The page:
CHATHAM – A court has ordered the town to consider revised plans for use of the warehouse building at 45 Chatham Bars Ave. owned by Chatham Bars Inn.
The dispute between the town, inn and neighbors over use of the 9,500-square-foot building, once a bowling alley but used as a warehouse since the 1970s, has dragged on for nearly three years. Two previous appeals were filed with the zoning board of appeals. The board denied a request to lift a cease and desist order issued by the building commissioner, who ruled that the warehouse use had been abandoned. Last year, the board rejected the inn's attempt to secure a special permit to use the building for storage, an office and workshop.
Although originally built in 1914 as a garage used in conjunction with the inn, the building had been sold and converted first to a bowling alley and then a warehouse, and was unused for several years before the inn bought the property – and its former chauffeur's quarters across the street – in 2015. Neighbors complained of early-morning and late-night noise from trucks after the inn began using the building as a transfer station for laundry.
CBI took the zoning board to court over the denials, and the new hearing, scheduled to be heard Dec. 6, is the result of a remand from the Massachusetts Land Court, which ordered the board to consider revised plans, revised findings and revised conditions on the inn's proposal.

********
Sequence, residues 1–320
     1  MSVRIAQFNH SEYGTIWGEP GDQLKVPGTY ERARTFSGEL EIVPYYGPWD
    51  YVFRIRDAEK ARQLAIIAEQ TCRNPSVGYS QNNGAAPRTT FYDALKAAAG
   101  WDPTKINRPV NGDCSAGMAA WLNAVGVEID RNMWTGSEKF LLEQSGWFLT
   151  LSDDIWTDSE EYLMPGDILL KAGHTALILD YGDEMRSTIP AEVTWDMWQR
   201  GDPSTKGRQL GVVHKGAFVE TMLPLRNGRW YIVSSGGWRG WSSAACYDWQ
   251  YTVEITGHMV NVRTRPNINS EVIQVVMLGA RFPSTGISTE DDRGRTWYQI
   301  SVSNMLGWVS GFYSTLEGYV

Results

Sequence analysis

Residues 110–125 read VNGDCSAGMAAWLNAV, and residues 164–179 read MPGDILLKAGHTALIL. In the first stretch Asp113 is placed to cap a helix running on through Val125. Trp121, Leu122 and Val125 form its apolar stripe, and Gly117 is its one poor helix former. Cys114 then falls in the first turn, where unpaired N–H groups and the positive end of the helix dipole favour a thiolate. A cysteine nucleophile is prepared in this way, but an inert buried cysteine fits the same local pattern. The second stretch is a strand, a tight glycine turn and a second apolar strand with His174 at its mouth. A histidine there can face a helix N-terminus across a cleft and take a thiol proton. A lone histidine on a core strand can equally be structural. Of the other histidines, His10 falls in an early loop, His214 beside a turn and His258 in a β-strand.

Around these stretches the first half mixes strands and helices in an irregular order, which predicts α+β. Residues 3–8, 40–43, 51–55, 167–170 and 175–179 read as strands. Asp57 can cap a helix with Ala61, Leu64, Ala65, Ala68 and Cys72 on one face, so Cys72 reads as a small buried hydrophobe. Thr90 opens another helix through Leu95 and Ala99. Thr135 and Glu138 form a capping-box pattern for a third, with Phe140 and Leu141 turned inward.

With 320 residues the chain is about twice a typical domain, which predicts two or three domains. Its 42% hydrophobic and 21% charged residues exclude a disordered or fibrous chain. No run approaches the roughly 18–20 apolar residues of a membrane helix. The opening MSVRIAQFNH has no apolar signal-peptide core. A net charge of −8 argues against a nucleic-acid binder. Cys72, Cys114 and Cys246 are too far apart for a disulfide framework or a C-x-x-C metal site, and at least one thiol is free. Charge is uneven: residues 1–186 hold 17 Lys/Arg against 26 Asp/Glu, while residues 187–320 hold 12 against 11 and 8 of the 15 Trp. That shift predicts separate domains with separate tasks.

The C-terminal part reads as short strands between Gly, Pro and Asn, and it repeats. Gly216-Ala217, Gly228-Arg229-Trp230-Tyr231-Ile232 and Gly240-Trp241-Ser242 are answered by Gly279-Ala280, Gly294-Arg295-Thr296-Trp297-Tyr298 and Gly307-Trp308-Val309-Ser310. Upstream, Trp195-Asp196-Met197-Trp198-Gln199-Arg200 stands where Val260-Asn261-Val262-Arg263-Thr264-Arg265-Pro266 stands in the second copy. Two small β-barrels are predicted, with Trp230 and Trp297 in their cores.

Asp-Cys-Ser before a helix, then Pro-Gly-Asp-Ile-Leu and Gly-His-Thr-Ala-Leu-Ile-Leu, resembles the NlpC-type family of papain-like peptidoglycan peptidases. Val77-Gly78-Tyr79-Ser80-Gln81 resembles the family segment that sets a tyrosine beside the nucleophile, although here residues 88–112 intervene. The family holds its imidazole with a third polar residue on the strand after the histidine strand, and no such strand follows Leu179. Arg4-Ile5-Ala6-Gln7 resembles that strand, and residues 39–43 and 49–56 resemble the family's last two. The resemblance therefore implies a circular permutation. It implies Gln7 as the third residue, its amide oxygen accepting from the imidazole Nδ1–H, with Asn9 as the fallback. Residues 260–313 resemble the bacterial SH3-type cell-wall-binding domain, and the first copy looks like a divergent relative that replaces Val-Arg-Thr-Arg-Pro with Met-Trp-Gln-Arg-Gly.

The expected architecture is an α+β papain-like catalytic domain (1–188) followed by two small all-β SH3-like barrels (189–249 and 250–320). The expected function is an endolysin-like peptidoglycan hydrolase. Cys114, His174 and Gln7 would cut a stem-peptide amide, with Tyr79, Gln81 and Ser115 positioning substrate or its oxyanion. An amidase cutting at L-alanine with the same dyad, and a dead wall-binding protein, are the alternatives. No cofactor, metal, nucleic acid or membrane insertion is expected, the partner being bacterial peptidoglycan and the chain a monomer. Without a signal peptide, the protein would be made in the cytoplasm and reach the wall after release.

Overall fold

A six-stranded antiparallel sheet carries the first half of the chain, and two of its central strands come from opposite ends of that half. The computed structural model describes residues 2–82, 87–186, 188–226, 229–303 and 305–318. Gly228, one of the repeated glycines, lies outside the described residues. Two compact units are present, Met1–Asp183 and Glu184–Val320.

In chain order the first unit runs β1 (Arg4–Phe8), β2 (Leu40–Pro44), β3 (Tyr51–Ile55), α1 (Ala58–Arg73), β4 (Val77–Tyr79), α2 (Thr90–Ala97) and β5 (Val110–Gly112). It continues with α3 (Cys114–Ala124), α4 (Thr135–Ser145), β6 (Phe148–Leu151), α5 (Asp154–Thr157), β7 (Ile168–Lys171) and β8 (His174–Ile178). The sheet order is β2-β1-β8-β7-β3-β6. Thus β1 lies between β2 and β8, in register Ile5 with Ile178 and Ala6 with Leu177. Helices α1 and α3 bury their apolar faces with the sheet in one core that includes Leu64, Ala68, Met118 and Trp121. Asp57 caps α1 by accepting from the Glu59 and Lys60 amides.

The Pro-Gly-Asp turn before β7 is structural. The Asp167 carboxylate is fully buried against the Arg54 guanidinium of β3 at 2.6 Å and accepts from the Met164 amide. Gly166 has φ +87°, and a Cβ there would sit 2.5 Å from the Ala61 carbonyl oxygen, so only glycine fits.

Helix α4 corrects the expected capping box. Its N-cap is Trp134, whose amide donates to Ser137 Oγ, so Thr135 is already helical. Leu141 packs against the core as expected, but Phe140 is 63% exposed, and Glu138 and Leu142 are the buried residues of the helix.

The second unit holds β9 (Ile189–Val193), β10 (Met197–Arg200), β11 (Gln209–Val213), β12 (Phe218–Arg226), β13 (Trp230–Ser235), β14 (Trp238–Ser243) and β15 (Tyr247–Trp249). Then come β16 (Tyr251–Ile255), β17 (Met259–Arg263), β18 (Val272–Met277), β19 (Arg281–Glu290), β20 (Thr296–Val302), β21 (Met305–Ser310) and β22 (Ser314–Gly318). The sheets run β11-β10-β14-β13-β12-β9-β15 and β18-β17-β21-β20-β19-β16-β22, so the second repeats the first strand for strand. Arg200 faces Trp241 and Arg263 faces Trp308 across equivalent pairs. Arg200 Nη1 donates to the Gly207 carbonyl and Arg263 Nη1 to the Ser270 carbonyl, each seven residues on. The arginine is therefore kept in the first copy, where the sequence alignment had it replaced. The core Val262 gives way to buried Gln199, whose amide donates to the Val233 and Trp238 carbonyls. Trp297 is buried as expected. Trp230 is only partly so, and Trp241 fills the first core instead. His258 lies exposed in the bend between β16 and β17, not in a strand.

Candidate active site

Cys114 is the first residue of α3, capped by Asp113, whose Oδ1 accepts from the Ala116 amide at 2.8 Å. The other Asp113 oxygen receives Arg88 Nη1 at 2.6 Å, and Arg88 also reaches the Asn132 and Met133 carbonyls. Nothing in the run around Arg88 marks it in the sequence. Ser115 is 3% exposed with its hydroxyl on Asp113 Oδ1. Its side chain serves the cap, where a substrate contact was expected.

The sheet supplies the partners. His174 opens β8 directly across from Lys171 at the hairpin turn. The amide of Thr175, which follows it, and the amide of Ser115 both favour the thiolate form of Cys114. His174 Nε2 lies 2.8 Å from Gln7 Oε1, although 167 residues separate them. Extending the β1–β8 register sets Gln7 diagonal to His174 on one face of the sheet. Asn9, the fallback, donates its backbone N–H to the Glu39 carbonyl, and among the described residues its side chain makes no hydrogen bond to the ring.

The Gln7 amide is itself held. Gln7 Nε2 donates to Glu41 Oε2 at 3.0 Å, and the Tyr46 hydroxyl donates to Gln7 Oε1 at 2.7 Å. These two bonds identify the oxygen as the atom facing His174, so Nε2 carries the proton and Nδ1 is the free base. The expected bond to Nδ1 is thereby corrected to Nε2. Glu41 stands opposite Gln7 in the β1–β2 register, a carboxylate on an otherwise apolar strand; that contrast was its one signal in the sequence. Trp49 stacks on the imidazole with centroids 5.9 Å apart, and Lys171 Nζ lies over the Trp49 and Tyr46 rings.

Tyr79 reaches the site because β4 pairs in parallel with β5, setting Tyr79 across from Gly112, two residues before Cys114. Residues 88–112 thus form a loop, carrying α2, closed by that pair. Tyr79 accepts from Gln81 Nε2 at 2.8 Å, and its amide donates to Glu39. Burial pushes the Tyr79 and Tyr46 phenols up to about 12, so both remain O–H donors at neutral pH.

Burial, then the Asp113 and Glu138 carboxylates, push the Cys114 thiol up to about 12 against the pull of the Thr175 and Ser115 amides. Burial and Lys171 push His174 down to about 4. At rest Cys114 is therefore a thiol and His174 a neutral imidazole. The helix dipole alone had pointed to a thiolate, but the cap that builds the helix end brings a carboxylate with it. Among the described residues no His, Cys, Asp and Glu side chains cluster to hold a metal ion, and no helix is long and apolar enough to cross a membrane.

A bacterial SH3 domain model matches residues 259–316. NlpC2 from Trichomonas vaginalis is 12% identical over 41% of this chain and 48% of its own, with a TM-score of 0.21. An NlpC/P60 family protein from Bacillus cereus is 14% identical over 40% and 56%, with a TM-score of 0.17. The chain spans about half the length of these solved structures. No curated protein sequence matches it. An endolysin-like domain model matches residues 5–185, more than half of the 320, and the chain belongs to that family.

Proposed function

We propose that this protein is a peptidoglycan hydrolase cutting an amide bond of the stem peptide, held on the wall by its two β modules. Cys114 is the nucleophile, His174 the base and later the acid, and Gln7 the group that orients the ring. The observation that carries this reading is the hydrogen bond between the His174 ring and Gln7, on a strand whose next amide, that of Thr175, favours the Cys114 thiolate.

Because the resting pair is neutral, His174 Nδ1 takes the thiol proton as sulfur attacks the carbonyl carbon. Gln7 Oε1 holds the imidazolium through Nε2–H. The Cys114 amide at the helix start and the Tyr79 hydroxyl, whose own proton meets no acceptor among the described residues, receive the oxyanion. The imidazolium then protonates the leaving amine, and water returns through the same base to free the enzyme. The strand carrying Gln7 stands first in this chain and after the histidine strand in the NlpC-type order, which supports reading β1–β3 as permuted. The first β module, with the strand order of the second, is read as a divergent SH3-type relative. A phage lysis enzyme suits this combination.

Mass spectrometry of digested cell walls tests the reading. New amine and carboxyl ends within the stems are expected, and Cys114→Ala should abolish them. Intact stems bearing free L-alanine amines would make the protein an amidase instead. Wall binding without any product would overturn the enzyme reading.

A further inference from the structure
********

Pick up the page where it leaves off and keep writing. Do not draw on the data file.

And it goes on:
The building is located in a residential district, where the warehouse use is not allowed. The building also does not meet road setback and coverage requirements, making it nonconforming.
The hearing begins at 4 p.m. at the annex.
At the same hearing, CBI will ask the ZBA for a dimensional variance and special permit for its former chauffeur's quarters building at 20 Chatham Bars Ave. The 17,523 lot is split between general business and residential zoning districts, and the inn is asking the board to allow a use that's permitted in the less restrictive business district, two three-bedroom apartments incidental to a commercial use, a professional office. The inn is seeking a dimensional variance to allow less than 51 percent of the building must to be used as commercial space, as required in the zoning bylaw, and to have two apartments with less than the required land area.
Last summer neighbors filed a complaint about work being done on the building to install a kitchen. CBI officials said the plan was to convert the building into a single-family home to house workers from the inn. Zoning board members declined to revoke the permit, but expressed concern about the use, which they saw more as a dormitory than a single-family home.
The new proposal will house the same number of people as the previous single-family plan had proposed, but in a different configuration and with an office as the primary commercial use.